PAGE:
Well OneDrive Albums work in a similar way. What you can place into an Album are not your actual photos but references to them. When you add a photo to an Album, the actual photo stays in the folder that it is in, but you can see the photo in the Album.

Making an Album

It may help to understand Albums better by going through the steps of making one. When you are in Albums there is an option on the menu bar, + New album.


The + New album link brings up options to select the photos to add to the album either from Choose photos with the photos in date order (illustrated here) or Choose from folders, with the folders arranged just the way you see them when you first log into OneDrive (illustrated below next).



It is possible to select any photos, located anywhere in OneDrive, with no regard to their present sharing settings, and add them to an Album. The photos are not moved, they stay where they are. In the Album the photos are merely “referenced”, but you can see them.

You can arrange the photos in the Album as you like. The Album can be shared, just like a folder or an individual photo. Photos can be included in other Albums. Remember, the actual photo files stay in their actual locations.

Albums are very neat ways of showing and sharing photos in whatever grouping desired, however many, or whatever order. Neat, yes?



© 2016 Ludwig Keck

What are tags and categories in WordPress blogging?

Tags and Categories



When you shop for clothes you look at the tags to learn the size, material, and more on the items. Tags work the same way for blog posts, they give information about the topics covered. They help readers find articles of interest.

This post is tagged “tags”, “categories”, “Blogging”, “WordPress”. Tags are thus for the public. On most blogs readers find them at the top or bottom of a post. Like this:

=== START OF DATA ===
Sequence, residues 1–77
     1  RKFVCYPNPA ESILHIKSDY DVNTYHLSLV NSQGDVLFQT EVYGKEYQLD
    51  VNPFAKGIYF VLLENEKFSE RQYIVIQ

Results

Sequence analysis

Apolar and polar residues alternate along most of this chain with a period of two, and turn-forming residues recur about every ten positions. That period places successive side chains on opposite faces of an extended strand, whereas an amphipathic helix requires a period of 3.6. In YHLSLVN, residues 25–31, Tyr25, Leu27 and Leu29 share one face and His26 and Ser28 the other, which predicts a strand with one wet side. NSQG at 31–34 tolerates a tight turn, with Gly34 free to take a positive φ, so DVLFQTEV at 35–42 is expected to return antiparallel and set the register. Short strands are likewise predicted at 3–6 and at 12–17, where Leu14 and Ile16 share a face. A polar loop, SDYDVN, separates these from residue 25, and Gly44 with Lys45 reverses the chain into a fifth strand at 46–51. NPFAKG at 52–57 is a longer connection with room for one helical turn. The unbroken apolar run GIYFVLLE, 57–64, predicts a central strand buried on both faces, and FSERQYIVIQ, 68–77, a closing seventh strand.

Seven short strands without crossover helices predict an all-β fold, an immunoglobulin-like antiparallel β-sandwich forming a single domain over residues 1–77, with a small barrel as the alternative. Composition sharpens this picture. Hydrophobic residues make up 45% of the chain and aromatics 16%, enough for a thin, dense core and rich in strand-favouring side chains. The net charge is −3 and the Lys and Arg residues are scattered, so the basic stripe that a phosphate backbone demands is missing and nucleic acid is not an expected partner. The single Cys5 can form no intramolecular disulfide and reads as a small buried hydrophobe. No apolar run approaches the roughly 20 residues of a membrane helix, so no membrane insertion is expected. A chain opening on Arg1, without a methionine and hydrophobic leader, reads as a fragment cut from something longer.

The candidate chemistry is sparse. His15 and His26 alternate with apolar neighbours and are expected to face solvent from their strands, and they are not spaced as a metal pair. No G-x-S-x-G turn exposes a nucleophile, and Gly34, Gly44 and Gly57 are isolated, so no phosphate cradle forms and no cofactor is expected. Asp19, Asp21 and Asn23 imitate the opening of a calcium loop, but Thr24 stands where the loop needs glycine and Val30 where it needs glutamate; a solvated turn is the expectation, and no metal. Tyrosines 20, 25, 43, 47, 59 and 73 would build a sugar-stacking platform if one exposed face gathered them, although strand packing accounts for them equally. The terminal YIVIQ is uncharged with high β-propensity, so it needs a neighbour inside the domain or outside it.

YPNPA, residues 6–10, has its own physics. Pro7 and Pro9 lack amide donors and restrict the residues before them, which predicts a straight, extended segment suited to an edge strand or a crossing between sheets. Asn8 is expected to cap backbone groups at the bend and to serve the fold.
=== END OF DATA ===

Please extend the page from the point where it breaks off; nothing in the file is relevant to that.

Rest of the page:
Tags-01When a reader clicks on such a tag, other articles with the same tag are shown. Readers can also set up tags they wish to follow in the WordPress Reader.

“Categories” are a tool for the blogger. They help you organize your posts by, well, by “category”. You can set up a menu item for a category. When the item is clicked a page is generated that shows posts that were marked with that category. This is most useful if you blog about several distinct topics, say “travel”, “photography”, “cooking”, you, or your readers can then see the related posts without having to sort through others. Take a look at the menu bar on this blog. If you click “Posts on Blogging” you get my posts on that subject, but only my posts! Similarly if you click on one of the links shown in “This entry was posted in” at the bottom of my post, you get just my posts on that topic.

To recap, “tags” are topics assigned by many bloggers and the Reader will find posts on that topic from all bloggers. “Categories” are your own and keep the reader in your own site.

When you use the online editor you can assign categories and tags in the sidebar as shown in the illustration on the left.



© 2016 Ludwig Keck

Why do the edits made in Picasa not show in Photo Gallery?

Ah, the ways “Of Mice and Picasa” [*]. How the computer mouse works, you know pretty well, but Picasa, now that is a different creature altogether.

When you make an edit to an image in Picasa those changes are not incorporated into the image file. Well, some are, but for the most part those changes Picasa just stores away for its own use.

Here is an example. Let’s say you have a precious photo of that fine wheel on your motor carriage. To show really what a hot conveyance your vehicle is you apply the Heat Map effect in Picasa.


You want to touch it up in Photo Gallery. Low and behold, the Heat Map effect is not there. The photo looks exactly as it did before.

Let’s look in File Explorer. The photo there does not show the edits either. Indeed, the edits only show in Picasa and not in any other program or app.